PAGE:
• Focus on wealth creation and preservation – Your focus should be on creating wealth during positive “wealth effect” periods, and preserving wealth during negative wealth effect periods. But such wealth creation and preservation should be attempted in a measured manner, and not by taking an inordinate degree of risk.
  • Avoid aggressive tactics when markets are hot Extracting equity from your home to spend on a vacation or buy stocks is generally not a good idea. Period.
  • Don’t be swayed by “get rich quick” tales – Speculators who attempted to day trade stocks on a big scale in the late 1990s faced financial ruin when the market crashed in 2001-02. Real estate investors who snapped up multiple properties in the last decade faced a similar fate when the U.S. real estate market endured its steepest correction since the 1930s Depression. Tune out the bragging by those who profess to have made it big by (excessive) speculation, and refrain from using more leverage than your finances can comfortably handle.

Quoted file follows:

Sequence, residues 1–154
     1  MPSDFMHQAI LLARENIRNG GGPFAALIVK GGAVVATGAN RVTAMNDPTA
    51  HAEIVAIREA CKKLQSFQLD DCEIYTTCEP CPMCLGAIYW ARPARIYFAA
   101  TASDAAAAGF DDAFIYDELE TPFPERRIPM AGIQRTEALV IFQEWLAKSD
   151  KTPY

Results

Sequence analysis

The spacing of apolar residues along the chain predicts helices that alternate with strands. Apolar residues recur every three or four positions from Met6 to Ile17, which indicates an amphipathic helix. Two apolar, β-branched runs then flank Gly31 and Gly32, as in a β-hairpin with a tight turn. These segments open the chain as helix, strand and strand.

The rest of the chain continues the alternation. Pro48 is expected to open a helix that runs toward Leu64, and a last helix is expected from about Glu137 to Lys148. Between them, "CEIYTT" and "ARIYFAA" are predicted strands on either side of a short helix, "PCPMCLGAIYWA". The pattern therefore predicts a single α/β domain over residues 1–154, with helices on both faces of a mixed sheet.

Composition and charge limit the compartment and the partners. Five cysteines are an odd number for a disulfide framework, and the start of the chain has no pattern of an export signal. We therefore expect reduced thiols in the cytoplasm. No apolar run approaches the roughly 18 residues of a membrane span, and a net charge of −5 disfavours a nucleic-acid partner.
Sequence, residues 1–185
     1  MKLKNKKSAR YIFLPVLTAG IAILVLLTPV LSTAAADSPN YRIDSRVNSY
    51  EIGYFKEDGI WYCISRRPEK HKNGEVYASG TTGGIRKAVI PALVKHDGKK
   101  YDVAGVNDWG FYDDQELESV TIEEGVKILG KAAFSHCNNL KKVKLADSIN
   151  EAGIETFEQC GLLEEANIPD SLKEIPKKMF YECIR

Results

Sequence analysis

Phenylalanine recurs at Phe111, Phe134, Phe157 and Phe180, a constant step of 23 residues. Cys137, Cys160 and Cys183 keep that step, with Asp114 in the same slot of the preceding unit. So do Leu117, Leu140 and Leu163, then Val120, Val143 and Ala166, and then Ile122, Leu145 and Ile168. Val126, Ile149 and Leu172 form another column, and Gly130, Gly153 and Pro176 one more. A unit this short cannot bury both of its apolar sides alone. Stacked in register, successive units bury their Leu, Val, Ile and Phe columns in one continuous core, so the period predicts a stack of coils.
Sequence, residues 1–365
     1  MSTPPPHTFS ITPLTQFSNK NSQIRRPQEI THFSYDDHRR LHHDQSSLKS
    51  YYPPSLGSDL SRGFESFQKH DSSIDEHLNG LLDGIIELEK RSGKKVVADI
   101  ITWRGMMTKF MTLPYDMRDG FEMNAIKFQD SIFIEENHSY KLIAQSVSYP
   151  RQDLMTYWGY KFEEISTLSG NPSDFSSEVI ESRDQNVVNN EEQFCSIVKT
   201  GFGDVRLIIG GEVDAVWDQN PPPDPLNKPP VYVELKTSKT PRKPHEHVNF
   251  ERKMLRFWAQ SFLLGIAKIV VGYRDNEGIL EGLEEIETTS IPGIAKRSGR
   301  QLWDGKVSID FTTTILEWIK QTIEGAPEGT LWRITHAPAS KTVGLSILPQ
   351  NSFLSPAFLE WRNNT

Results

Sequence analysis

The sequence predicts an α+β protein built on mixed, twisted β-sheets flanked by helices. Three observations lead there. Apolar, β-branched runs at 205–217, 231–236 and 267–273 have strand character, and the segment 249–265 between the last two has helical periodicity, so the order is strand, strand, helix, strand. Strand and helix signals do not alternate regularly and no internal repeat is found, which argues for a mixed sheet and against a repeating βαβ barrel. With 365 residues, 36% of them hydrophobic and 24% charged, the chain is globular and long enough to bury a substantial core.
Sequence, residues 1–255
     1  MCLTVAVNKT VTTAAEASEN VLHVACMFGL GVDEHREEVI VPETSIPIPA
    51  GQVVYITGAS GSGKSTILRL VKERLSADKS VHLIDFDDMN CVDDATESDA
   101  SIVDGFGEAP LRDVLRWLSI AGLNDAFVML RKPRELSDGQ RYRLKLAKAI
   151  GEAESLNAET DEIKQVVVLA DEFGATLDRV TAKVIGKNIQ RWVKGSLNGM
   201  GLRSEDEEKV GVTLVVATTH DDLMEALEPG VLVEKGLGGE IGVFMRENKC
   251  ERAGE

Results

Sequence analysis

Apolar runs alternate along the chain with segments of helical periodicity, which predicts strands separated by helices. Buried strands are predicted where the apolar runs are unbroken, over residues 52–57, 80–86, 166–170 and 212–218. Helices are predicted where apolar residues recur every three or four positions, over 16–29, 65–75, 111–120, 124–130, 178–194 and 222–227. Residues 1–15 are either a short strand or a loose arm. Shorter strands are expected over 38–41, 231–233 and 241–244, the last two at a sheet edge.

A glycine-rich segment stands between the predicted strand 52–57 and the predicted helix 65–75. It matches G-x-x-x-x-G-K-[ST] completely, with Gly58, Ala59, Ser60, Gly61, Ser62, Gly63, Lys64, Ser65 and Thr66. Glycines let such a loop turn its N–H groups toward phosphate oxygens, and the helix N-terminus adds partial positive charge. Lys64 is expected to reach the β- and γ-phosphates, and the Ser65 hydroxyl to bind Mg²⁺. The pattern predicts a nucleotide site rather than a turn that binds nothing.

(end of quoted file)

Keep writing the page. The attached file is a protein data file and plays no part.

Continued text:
• Don’t fight the trend – The easiest way to create wealth is by staying with the trend. Being a contrarian can pay off sometimes, but if your timing is off, you may have to bear sizeable losses. As an example, short-sellers who were skeptical about the relentless advance in most U.S. stocks in 2013 had little choice but to abandon their short positions after incurring huge losses.
  • Pay attention to wealth preservation – Wealth creation is only half the equation; wealth preservation is the other half. If you are concerned about the possibility of an imminent steep correction in the markets, use trailing stops and option strategies to protect your gains.
  • Stay attuned to valuations and signals – Since these can provide an early warning of an impending turnaround in investor sentiment. While it is extremely difficult to pinpoint market tops and bottoms, simple strategies like taking some money off the table at record highs and adding quality companies at multi-year lows are usually sound tactics for wealth creation.

The Bottom Line

While house price gains produce a distinct wealth effect, stock price gains do not seem to have the same effect, possibly because of the perception that they are more ephemeral. But irrespective of the source of the wealth effect, spending unrealized gains lavishly is not fiscally prudent and may result in such consumers finding themselves in severe financial strain when boom turns to bust, as was the case with the technology bubble of the late 1990s and the real estate mania in the first decade of this millennium.